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In this line,

"Asked why a non­specialist can be entrusted with such work, a local official praises foreign ­ministry volunteers for their promotional skills"

I suppose maybe the writer means When he was asked why.. perhaps something was omitted and the verb asked was therefore at the beginning, what do you called this kind of "omission" grammatically?

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    It's not necessarily helpful to assume the word when is "missing" in such contexts. It's just a Past Participle used adverbially / adjectivally. No different to, say, Grief-stricken by the death of his wife, he moved back to his homeland. The precise nature of the relationship between that "fronted" adverbial element and the main clause that follows is context-specific. It might effectively be something corresponding to when, but it might be if, or because, or any of several other prepositions / conjunctions. Nov 5 '21 at 16:07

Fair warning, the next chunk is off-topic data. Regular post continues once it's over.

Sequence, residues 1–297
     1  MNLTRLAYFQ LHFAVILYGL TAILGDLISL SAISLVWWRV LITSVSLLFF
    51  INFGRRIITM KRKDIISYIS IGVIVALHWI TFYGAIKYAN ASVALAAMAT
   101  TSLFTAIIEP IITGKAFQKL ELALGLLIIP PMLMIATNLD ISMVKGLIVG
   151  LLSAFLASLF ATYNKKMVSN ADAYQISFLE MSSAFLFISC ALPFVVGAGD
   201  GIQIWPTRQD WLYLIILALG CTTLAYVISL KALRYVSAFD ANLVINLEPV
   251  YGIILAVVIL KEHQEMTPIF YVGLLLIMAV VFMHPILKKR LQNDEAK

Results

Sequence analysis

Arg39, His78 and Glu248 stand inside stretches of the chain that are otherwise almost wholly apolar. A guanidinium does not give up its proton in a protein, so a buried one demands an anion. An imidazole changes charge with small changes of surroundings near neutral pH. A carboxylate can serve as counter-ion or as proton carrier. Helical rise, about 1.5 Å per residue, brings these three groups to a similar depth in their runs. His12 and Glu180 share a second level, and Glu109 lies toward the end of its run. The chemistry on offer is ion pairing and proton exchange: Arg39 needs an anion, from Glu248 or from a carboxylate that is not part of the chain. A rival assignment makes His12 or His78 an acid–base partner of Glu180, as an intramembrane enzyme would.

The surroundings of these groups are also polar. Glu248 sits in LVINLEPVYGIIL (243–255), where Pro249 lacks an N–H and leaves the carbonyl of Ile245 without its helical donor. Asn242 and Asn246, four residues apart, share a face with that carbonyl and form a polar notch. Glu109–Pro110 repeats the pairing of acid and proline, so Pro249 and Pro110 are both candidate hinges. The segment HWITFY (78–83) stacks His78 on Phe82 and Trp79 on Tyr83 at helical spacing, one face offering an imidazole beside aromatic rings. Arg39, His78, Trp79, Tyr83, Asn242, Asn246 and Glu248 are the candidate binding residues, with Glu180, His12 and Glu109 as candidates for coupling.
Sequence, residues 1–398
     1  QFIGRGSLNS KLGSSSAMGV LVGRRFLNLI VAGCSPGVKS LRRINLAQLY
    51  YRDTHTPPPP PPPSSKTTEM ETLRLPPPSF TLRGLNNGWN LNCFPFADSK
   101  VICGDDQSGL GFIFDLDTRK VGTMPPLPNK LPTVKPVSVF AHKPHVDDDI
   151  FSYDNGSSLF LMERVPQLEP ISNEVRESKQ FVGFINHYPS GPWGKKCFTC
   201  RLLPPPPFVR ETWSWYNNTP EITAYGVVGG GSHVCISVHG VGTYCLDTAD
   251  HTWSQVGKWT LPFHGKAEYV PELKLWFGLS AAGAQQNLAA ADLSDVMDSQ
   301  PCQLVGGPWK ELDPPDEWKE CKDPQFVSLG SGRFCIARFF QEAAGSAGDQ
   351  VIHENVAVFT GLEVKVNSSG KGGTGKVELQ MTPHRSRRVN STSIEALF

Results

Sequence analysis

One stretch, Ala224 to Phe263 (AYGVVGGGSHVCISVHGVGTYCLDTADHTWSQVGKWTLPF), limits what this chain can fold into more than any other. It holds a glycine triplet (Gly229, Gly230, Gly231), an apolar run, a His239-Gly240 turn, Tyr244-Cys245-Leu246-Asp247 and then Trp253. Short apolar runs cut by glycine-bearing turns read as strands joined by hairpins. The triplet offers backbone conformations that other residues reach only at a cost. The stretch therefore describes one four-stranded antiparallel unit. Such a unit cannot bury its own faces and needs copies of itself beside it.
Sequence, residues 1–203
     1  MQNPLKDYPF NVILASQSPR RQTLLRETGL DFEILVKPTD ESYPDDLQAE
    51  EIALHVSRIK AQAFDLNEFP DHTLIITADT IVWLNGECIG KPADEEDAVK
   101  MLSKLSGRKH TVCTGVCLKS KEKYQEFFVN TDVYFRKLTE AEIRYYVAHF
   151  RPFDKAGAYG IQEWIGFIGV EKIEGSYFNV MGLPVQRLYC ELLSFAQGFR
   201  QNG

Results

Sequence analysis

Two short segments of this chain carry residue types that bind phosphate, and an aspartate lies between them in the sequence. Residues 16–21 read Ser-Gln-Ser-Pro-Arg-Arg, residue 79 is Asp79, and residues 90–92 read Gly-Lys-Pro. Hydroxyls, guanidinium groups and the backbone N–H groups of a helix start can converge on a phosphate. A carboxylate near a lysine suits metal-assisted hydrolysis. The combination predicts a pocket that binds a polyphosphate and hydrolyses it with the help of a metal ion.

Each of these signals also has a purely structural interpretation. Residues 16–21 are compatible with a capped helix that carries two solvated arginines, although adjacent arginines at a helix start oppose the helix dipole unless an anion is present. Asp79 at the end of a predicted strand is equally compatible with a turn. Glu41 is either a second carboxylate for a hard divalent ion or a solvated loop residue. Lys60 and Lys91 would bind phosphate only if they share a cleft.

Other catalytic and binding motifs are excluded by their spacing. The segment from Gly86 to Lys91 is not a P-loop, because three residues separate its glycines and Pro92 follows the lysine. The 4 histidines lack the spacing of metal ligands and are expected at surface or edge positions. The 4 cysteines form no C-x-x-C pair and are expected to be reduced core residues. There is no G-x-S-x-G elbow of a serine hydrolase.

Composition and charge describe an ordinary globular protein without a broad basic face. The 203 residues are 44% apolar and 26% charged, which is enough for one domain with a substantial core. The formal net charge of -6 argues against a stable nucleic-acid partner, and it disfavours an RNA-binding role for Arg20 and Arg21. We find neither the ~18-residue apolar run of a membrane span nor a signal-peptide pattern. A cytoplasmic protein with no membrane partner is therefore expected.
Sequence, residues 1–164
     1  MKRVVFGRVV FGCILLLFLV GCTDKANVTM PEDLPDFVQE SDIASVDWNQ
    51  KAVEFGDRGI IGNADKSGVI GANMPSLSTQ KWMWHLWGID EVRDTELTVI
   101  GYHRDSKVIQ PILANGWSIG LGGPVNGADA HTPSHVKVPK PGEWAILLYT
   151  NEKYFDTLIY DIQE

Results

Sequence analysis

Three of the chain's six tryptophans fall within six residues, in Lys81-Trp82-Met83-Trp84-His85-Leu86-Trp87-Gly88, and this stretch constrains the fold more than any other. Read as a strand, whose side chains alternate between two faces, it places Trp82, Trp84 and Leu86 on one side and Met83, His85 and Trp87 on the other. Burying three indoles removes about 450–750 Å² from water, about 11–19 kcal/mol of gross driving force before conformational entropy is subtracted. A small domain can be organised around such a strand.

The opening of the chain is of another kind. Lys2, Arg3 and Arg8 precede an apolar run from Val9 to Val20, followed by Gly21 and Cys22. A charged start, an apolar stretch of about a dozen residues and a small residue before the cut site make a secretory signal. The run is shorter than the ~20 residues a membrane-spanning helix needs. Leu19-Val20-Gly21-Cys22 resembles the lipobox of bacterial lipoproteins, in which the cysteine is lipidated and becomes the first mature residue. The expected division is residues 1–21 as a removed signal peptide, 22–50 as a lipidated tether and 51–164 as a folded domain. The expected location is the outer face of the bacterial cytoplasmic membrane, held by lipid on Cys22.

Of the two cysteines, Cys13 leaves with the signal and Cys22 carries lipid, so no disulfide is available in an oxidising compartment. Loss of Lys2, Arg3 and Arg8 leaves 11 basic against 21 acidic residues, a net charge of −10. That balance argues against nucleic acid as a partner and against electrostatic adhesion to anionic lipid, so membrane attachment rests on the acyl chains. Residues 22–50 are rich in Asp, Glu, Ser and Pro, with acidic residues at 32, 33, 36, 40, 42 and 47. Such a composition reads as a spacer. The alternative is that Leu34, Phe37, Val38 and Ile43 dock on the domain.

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    ...note that exactly the same situation arises with continuous participles as well as past participles. For example, Seeking publicity for his department, a local official praises foreign ­ministry volunteers for their promotional skills. Nov 5 '21 at 16:12
  • (Though one could argue—perhaps a bit hair-splittingly—that an adverbial participle does always imply a "when" or "while." "He ran out of the haunted house, scared to death": he ran while scared. "Drunk driving" is driving while drunk. (Well, ok—"he drove drunk," there, now it's adverbial. :-) ) Nov 5 '21 at 16:18

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